Love between two different worlds, two different generations
INTERVIEW

1. Please tell us something unique about you that we can’t learn from your bio.
The Professor and the Bird
I ‘commute’ between Athens, where I live with my daughter, and London, where my boyfriend lives.

2. What’s your favorite part of writing?

When I get a new idea into my head and plot it out, and then ‘divide’ it into chapters.

3. If you could live in one of your stories, which one would you choose and why?

Well, so far I’ve only published one story…

4. What’s your inspiration for writing The Professor and the Bird?

Ancient history and exotic places combined, where people of all nationalities work together. A chance encounter that develops into everlasting love.

5. From the title, I assume “the Professor” is your hero, Professor Nikos Angelopoulos, and “the Bird” is your heroine, Sally. Why do you use the bird to symbolize her?

“Bird” is a bit of a rough term men use for an attractive girl. Sally is a biker, so it is the sort of term her former boyfriends would have called her, and the young men at the camp do the same. In connection with the Professor in the title, though, people will wonder at first if it is about a biologist…

6. What is one characteristic of your hero that would endear him to the readers?

He is a bit muddle-headed, a sort of absent-minded professor who is totally absorbed in his world of history and archaeology; many women love a man like that.

7. What about your heroine? Why would readers sympathize with her?

Sally is fresh, self-confident and modern, but she is still quite innocent for her age in many ways. She is always optimistic, and she loves without any reservations.

8. What’s up next for you?

I’m currently writing the sequel to “The Professor and the Bird”: during their first holiday together in Crete, Nikos and Sally find the wreck of an ancient ship and get mixed up in a local vendetta…

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Character Profile of IAN SYLVESTRY from The Man She Knew by Loree Lough

RELEASING TODAY!
From Bestselling and Award Winning Author
Loree Lough
Don’t they both deserve a second chance?
CHARACTER PROFILE

I was kinda intrigued by this hero. What happened 14 years ago? What was that one reckless act that cost him everything? How did that act change him in the intervening years hence?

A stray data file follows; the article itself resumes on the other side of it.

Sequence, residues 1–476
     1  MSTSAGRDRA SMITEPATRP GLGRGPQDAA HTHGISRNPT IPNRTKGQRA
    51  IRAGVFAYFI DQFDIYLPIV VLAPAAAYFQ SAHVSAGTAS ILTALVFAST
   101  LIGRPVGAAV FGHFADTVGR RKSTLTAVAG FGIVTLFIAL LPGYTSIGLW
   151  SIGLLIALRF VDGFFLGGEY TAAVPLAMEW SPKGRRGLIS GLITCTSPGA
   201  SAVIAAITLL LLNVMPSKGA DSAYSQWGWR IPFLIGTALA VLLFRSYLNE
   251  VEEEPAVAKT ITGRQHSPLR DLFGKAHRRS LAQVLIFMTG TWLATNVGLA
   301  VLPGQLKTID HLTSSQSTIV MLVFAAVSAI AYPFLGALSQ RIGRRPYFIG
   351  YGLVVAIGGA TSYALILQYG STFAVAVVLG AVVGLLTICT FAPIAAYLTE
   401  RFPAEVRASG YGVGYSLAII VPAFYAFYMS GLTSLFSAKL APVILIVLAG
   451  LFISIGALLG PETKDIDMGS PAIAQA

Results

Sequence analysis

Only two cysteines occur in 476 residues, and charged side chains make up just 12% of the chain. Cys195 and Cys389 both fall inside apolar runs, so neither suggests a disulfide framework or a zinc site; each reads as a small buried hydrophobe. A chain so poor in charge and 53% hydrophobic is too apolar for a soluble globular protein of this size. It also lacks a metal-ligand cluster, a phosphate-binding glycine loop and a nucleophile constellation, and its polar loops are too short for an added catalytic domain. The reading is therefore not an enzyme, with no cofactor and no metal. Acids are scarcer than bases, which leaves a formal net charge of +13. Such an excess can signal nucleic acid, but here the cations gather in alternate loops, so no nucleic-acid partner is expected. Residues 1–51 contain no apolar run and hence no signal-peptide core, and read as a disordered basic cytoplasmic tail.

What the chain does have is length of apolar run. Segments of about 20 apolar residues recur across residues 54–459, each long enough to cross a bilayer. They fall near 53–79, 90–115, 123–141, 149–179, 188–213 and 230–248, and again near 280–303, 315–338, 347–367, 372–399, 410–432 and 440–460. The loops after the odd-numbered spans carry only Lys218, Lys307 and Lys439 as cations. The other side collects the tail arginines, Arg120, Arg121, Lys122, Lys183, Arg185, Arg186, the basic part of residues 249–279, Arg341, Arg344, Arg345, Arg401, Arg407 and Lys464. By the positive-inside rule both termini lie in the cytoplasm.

So, here’s the author, Loree Lough, to tell us all about Ian Sylvestry:

On the night of his sixteenth birthday, Chicago born and bred Ian Sylvestry’s parents made an announcement that threw his well-planned life into chaos: They intended to divorce; his mom introduced him to her fiancé, and when his dad’s job transfer was finalized, Ian would go with him to Baltimore. During the next eighteen months, Ian’s resentment simmered, and the boy whose academic and athletic prowess earned the attentions of Ivy League recruiters began making bad choices and keeping bad company, disappointing his parents and Maleah Turner, the one constant in his now-troubled world. On the eve of his mother’s wedding (which he refused to attend), Ian borrowed his dad’s car and took his pals on a joyride; while the guys were in the neighborhood convenience store buying snacks, he called Maleah, who yet again warned him about associating with the older, troubled teens. Hurt, angry, and tired of other people trying to control him, Ian hung up on her…moments before his wide-eyed frenzied pals piled into the car and demanded that he put the pedal to the metal, fast! Continue reading

Character Interview of Cailean Ross from Edge of Yesterday by Sue-Ellen Welfonder and Tarah Scott

From USA Today & Internationally Bestselling Authors
Sue-Ellen Welfonder and Tarah Scott

In a place beyond rules,
daring is power,
and love is the greatest threat of all…

CHARACTER INTERVIEW of CAILEAN ROSS (hero)

  1. CoverPlease tell us a little bit about yourself.CR:  Sure. (he smiles) I’m a regular Scottish guy. Modern-born, from Scotland’s Central Belt, but I have family ties to the Isle of Skye. For that reason, I’m proud to call myself a Highlander and have always felt drawn to the Highlands. I’m also a medieval reenactor and tournament circuit champion, having earned the title in sword fighting and jousting matches. Now, much to my amazement, I’ve landed in real medieval Scotland. Heatheredge in the far north, to be precise. I’ve fallen for a lass there. We’ll see if I can keep her. I sure hope so.

 

2. How did you feel when you suddenly find yourself in medieval Scotland? What was the first thing you did?